Some Indigenous communities in northern Alberta hope the Trans Mountain pipeline expansion will mark the start of a new chapter in their relationship with Canada's oilsands industry.

The $34 billion pipeline project from Alberta to the B.C. coast promises improved access to export markets for oilsands producers, which are forecast to achieve all-time-high output this year.

The pipeline's expected opening on May 1 is a big deal for the Fort McKay First Nation, located about an hour's drive north of Fort McMurray and home to around 800 people of Dene, Cree and Métis descent.

"It matters to the Fort McKay First Nation. When there's an opportunity like the Trans Mountain pipeline, the question is, how can we actually leverage it to transfer that opportunity to Fort McKay?" said Chief Raymond Powder in an interview.

"Because I've shared that with my industry partners across the table from time to time — I've said, 'You know, if you guys want to grow and want to expand and all that, that's not an issue for us.'"

But Fort McKay also needs opportunities for growth as the industry expands, he said.

Located smack-dab in the middle of the Athabasca oilsands, Fort McKay is the bull's-eye on the dart board of the world's third-largest crude oil reserve.

The First Nations community is surrounded by industrial development, and the acrid scent of nearby oilsands facilities can be detected on the breeze. Band members like to point out the black, tarry-smelling soil that lines residents' roads and driveways here — evidence of the rich bitumen deposits that lie so close to the surface.

In Fort McKay, the complicated relationship that the oilsands industry has with Indigenous people is evident. The First Nation is one of the wealthiest in the country, thanks to revenue generated from impact benefit agreements with oilsands developers as well as from the many Nation-owned businesses that serve the oil and gas sector.

As #TMX enables record oil output, #FirstNations hope for new chapter. #OilsandsIndustry #FortMcKayFirstNation #TransMountainPipelineExpansion #Indigenous

Because of these spinoff benefits, the community boasts a beautiful long-term care centre that fronts onto the Athabasca River, a first-class arena, a virtual golf facility and other amenities not commonly found on reserves.

But Powder is quick to point out that his community's relationship with industry has not always been so rosy.

"When you go back to the history of who Fort McKay is, we actually did not initially begin with a good relationship with industry because of the fact that who we are as First Nations and our identity was tied to the land," he said.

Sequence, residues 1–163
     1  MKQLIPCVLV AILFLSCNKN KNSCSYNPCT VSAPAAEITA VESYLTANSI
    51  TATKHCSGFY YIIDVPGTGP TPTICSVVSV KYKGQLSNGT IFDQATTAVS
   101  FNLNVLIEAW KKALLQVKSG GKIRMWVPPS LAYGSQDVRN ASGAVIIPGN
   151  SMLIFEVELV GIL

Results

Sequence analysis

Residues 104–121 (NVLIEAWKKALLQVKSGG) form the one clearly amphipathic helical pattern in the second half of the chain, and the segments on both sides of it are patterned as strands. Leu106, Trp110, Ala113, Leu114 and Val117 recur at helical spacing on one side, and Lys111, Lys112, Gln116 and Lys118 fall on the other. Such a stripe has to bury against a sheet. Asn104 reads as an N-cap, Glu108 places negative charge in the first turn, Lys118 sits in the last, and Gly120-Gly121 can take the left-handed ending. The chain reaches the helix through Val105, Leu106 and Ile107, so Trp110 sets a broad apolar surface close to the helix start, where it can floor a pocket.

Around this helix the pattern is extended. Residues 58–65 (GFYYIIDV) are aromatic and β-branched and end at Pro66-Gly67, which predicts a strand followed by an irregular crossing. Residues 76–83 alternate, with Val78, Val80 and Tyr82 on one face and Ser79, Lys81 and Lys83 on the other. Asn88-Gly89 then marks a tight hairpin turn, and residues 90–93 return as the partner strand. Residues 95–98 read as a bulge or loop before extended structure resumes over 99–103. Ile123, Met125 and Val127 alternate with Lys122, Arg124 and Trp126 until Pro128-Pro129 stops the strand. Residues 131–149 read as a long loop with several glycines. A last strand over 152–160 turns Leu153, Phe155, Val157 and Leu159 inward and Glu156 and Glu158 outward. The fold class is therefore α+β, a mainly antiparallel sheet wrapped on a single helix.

Fort McKay also has significant current concerns about the safety and environmental impact of the massive oilsands wastewater tailings ponds in the area.

"And so the arrival of industry had a huge impact on our own traditional livelihood and way of life," said Powder.

"But on the positive side of all of that, we've had the opportunity to grow our programs, grow our services, grow our infrastructure."

Not all First Nations see their industrial neighbours this way.

Eriel Deranger is a member of the Athabasca Chipewyan First Nation, which is currently suing the Alberta Energy Regulator in the wake of a series of toxic tailings ponds leaks from Imperial Oil's Kearl oilsands facility.

She's also the executive director of Indigenous Climate Action, an advocacy group focused on the water, air, and health impacts of the oilsands on First Nations communities.

Deranger describes the relationship between Indigenous communities and the oilsands industry as an "economic hostage situation," explaining that many communities see the negative impacts of oilsands development but don't speak up because there are no other economic opportunities to be had.

"It's really important that we don't get bogged down in the argument of, 'Well, if Indigenous peoples are business partners in pushing these projects forward, then they must be OK,'" Deranger said.

"The problem is that this industry has such a stranglehold economically. But we cannot continue to say we need this for our economy, because there will be no economy if our province burns down this summer because of wildfires due to climate change."

Oilsands development has been a double-edged sword for Indigenous communities in the past, said Justin Bourque, the former CEO of the Willow Lake Métis Nation and president of Fort McMurray-based Âsokan Generational Developments, a consulting firm that specializes in Indigenous-industry partnerships.

"Philosophically, the resource has been extracted from the traditional territories of the Indigenous peoples in the area. They have lived and endured the development, both environmentally and physically and as well with the growth of Fort McMurray," Bourque said.